There are very few musicals that I go into knowing basically nothing about them. Memphis, however, was one of those shows. I vaguely knew it was about a white DJ playing black music in the 50’s in Memphis, but that’s about it. What I didn’t know was that it would be a heart-breaking, challenging, emotional two and a half hours brought to life by a spectacular cast, music and sets.
From the very beginning, Memphis is about the power of music and the way music has the ability to transcend the darkness of our world and bring people together. It is a show about living on the “wrong” side of the tracks, falling in love despite all the challenges, and choosing to believe that the way the world is now isn’t the way it always has to be.
The entire cast of Memphis is spectacular. But the show simply would not be what it is without Bryan Fenkart bringing the title role of Huey Calhoun to life. Bryan makes Huey a sympathetic, simple and emotionally-charged character. He refuses to see the world as it is, black and white, and chooses to see what the world could be. Calhoun may not be the smartest person in the world, but his emotional depth goes well beyond his IQ. Fenkart’s Huey is optimistically naive – he believes that love can conquer all, that music can bring people together and that the world can and will change. While he becomes a champion or rhythm and blues music and the people who sing it, he also becomes a champion for everyone in the audience who wants to live a different life in a different world than the one they currently occupy.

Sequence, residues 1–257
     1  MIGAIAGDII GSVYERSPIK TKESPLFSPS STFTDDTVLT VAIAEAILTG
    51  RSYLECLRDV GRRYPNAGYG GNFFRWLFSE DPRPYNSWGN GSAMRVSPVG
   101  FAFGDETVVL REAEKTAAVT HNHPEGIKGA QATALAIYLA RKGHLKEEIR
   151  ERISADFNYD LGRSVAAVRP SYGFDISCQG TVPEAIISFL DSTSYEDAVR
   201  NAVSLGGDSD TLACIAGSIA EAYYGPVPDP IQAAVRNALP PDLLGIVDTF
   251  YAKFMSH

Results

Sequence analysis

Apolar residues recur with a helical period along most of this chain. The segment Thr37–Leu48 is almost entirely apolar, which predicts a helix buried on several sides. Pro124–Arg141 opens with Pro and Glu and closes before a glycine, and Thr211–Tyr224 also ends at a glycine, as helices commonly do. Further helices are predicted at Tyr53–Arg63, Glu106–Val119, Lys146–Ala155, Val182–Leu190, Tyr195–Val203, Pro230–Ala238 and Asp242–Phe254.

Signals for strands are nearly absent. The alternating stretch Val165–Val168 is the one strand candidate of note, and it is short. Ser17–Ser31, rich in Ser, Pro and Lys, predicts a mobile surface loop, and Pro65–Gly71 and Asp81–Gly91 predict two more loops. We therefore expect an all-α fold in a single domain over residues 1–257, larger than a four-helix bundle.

There are several show-stopping moments over the course of the 2.5 Memphis experience. As Huey and Felicia (brought to life by the vocal powerhouse Felicia Boswell), an African-American soul singer, fall in love, she knows that the obstacles could be too much. Huey chooses to believe just the opposite -that together they can change the world. Their story, told through music that sticks in your head and heart, is one of passion and power. Of all the songs, there are two that stick out the most to me, however. The first is “Say a Prayer,” the ending of Act 1. When Huey and Felicia are discovered, they are attacked. Recovering in a bar on Beale Street later, the power-packed “Say a Prayer” is about finding the strength to go on – despite race, despite fear, despite the horror the entire cast had just seen.
And then there is “Memphis Lives in Me,” Huey’s standout song toward the end of the show. Bryan brings this song to life, revealing why Huey would choose to stay in Memphis, the city that he loves, instead of leaving. It speaks of the power of his love for his city, the power of the music that shaped him, and the place where his heart is home and his soul is filled. Memphis may not be perfect, but it’s home, and that’s what Huey realizes. It’s a powerful, breath-taking moment of theatre. Without this moment, Memphis is a great musical that tackles the very real issue of race relations in the south during the very beginning of the civil rights movement. With this song, Memphis is a story of all that, plus a love song to a world that can change and a place to call home.
Memphis closed in Cincinnati today. You can still catch it April 2-6 in Louisville before the tour ends in Early May. Don’t miss Memphis. It will change you and give you hope!
Thank you to the great people at Broadway Cincy for the ticket!